ayvango ayvango - 2 months ago 23
Scala Question

Make method actually inline

I forge a simple example to check the @inline annotation behavior:

import scala.annotation.tailrec

object InlineTest extends App {
@inline
private def corec(x : Int) : Int = rec(x - 1)

@tailrec
private def rec(x : Int) : Int =
if (x < 3) x else {
if (x % 3 == 0)
corec(x-1)
else
rec(x-4)
}

@tailrec
private def rec1(x : Int) : Int =
if (x < 3) x else {
if (x % 3 == 0) {
val arg = x - 1
rec1(arg - 1)
} else
rec1(x-4)
}

Console.println( rec(args(0).toInt) )
}


This example compiled without warnings, both tailrec annotations were in effect as I thought. But when I actually execute the code, it gives me stackoverflow exception. This means that the tail recursion optimization failed due to inline method being not so inlined.

I have control function
rec1
that differs from the original only with "inline" transformation performed manually. And as this function works well as expected avoiding stackoverflow exception with tail recursion.

What prevents the annotated method from being inlined?

Answer

This won't work, indeed. The treatment of @inline is applied way later than the treatment of tail calls, preventing the optimization you're hoping for.

During the so-called "tailcalls" phase of the compiler, the compiler tries to transform methods so that tail-recursive calls are removed and replaced by loops. Note that only calls within the same function can be eliminated in this way. So, here, the compiler will be able to transform the function rec into something more or less equivalent to the following:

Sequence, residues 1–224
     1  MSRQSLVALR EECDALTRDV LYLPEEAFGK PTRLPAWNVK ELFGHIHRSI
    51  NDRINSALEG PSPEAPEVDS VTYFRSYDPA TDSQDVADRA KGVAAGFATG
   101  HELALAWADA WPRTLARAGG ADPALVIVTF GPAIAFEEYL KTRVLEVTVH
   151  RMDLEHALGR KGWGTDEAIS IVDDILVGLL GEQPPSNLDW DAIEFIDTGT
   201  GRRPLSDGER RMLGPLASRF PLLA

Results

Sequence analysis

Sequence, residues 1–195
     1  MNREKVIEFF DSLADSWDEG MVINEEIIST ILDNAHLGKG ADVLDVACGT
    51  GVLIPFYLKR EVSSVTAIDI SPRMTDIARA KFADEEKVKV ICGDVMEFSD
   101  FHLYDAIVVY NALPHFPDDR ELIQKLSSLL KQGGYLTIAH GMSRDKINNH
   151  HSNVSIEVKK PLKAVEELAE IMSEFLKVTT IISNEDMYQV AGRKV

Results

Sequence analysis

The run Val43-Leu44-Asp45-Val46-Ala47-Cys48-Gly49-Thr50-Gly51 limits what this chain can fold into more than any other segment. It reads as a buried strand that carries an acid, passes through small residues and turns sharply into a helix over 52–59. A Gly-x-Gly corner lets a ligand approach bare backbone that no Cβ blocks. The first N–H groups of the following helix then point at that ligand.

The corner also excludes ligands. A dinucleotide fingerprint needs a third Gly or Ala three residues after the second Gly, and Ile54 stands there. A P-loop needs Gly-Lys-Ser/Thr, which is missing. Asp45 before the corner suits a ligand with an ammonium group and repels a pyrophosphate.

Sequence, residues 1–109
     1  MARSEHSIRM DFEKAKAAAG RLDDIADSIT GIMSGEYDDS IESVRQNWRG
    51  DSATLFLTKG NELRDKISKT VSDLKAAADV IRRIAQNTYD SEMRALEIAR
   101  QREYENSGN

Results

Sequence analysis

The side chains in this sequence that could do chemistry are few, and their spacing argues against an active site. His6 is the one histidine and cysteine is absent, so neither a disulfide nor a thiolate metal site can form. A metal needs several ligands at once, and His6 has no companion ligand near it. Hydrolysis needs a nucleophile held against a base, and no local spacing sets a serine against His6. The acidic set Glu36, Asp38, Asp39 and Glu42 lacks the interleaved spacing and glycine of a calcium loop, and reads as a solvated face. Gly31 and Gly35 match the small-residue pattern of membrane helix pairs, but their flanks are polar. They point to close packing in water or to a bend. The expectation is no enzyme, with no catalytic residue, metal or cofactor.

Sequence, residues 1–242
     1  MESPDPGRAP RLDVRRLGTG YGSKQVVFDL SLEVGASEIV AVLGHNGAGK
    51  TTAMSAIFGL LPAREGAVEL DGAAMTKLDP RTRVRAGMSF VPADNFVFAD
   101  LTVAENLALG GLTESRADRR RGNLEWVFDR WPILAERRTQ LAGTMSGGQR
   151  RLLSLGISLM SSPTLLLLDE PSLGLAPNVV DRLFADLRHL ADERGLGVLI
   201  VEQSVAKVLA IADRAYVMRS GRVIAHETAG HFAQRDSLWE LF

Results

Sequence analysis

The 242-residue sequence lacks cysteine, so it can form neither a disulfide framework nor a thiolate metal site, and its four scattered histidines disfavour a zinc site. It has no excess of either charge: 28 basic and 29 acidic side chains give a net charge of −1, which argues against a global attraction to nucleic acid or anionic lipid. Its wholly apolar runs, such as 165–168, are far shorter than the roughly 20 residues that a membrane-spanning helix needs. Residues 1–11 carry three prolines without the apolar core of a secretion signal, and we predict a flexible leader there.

@tailrec
  private def rec(x0: Int) : Int =
    var x: Int = x0
    while (true) {
      if (x < 3) x else {
        if (x % 3 == 0)
          return corec(x-1)
        else {
          x = x-4
          continue
        }
      }
    }

Note that the call to corec is not eliminated, because you're calling another method. At that time in the compiler, @inline annotations are not even looked at.

But why doesn't the compiler warn you that it cannot eliminate the call, since you've put @tailrec? Because it only checks that it is actually able to replace all calls to the current method. It doesn't care whether another method in the program calls rec (even if that method, in this case corec, is itself called by rec).

So you get no warning, but still the called to corec is not tail-call eliminated.

When you get to the treatment of @inline later in the compiler pipeline, and assuming it does choose to follow your advice to inline corec, it will modify again rec to inline the body of corec, which gives the following:

  @tailrec
  private def rec(x0: Int) : Int =
    var x: Int = x0
    while (true) {
      if (x < 3) x else {
        if (x % 3 == 0)
          return rec((x-1) - 1)
        else {
          x = x-4
          continue
        }
      }
    }

Never mind then that this creates a new tail-recursive call. It's too late. It won't be eliminated anymore. Hence, the stack overflow.

You can use the TailCalls object and its methods to turn mutually tail-recursive methods into loops. See details in the API.